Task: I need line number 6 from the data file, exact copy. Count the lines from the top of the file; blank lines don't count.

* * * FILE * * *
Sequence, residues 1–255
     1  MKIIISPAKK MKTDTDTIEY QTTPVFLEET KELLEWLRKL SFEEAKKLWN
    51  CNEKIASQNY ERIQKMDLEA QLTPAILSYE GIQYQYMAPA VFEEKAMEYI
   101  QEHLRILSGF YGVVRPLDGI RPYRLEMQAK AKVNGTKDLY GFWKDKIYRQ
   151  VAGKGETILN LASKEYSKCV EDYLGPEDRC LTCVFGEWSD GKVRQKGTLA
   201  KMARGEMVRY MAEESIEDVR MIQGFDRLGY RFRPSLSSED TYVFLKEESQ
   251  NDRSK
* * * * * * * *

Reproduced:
   201  KMARGEMVRY MAEESIEDVR MIQGFDRLGY RFRPSLSSED TYVFLKEESQ